0.5 Conclusions and Further Work
Intelligent systems based on symbolic knowledge processing, on the one hand, and on artificial neural networks, on the other, differ substantially. Nevertheless, these are both standard approaches to artificial intelligence and it would be very desirable to combine the robustness of neural networks with the expressivity of symbolic knowledge representation. This is the reason why the importance of the efforts to bridge the gap between the connectionist and symbolic paradigms of Artificial Intelligence has been widely recognised. As the amount of hybrid data containing symbolic and statistical elements as well as noise increases in diverse areas such as bioinformatics or text and web mining, neural-symbolic learning and reasoning becomes of particular practical importance. Notwithstanding, this is not an easy task, as illustrated in the survey.
The merging of theory (background knowledge) and data learning (learning from examples) in neural networks has been indicated to provide learning systems that are more effective than e.g. purely symbolic and purely connectionist systems, especially when data are noisy [Garcez and Zaverucha1999]. This has contributed decisively to the growing interest in developing neural-symbolic systems, i.e. hybrid systems based on neural networks that are capable of learning from examples and background knowledge, and of performing reasoning tasks in a massively parallel fashion.
However, while symbolic knowledge representation is highly recursive and well understood from a declarative point of view, neural networks encode knowledge implicitly in their weights as a result of learning and generalisation from raw data, which are usually characterized by simple feature vectors. While significant theoretical progress has recently been made on knowledge representation and reasoning using neural networks, and on direct processing of symbolic and structured data using neural methods, the integration of neural computation and expressive logics such as first order logic is still in its early stages of methodological development.
Concerning knowledge extraction, we know that neural networks have been applied to a variety of real-world problems (e.g. in bioinformatics, engineering, robotics), and they were particularly successful when data are noisy. But entirely satisfactory methods for extracting symbolic knowledge from such trained networks in terms of accuracy, efficiency, rule comprehensibility, and soundness are still to be found. And problems on the stability and learnability of recursive models currently impose further restrictions on connectionist systems.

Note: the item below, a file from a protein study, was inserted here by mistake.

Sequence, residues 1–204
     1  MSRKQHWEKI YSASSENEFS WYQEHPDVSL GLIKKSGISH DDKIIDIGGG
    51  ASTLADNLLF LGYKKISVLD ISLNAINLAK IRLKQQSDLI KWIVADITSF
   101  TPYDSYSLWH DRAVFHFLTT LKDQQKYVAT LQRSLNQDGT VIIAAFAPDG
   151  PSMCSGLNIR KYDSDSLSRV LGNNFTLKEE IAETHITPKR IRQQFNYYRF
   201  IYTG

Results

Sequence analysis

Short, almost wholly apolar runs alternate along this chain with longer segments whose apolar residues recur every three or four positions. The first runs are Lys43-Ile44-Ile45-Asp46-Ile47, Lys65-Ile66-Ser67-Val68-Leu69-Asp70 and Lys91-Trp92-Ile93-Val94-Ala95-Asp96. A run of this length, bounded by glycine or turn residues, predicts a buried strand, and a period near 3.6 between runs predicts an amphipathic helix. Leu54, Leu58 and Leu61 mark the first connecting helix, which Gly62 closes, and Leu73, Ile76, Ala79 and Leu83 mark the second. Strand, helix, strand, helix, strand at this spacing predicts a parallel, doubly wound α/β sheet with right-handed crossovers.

In order to advance the state of the art, we believe that it is necessary to look at the biological inspiration for neural-symbolic integration, to use more formal approaches for translating between the connectionist and symbolic paradigms, and to pay more attention to potential application scenarios.
The general motivation for research in the field of neural-symbolic integration (just given) arises from conceptual observations on the complementary nature of symbolic and neural network based artificial intelligence described above. This conceptual perspective is sufficient for justifying the mainly foundations-driven lines of research being undertaken in this area so far. However, it appears that this conceptual approach to the study of neural-symbolic integration has now reached an impasse which requires the identification of use cases and application scenarios in order to drive future research.
Indeed, the theory of integrated neural-symbolic systems has reached a quite mature state but has not been tested extensively so far on real application data. The current systems have been developed for the study of general principles, and are in general not suitable for real data or application scenarios that go beyond propositional logic. Nevertheless, these studies provide methods which can be exploited for the development of tools for use cases, and significant progress can now only be expected as a continuation of the fundamental research undertaken in the past.
In particular, first-order neural-symbolic integration still remains a widely open issue, where advances are very difficult, and it is very hard to judge to date to what extent the theoretical approaches can work in practice. We believe that the development of use cases with varying levels of expressive complexity is, as a result, needed to drive the development of methods for neural-symbolic integration beyond propositional logic [Hitzler et al.2005].